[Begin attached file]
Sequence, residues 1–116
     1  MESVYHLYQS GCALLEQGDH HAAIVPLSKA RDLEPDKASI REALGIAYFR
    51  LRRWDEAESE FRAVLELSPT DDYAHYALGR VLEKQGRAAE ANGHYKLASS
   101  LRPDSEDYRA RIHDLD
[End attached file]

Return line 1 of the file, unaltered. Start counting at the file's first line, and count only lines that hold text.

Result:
Sequence, residues 1–116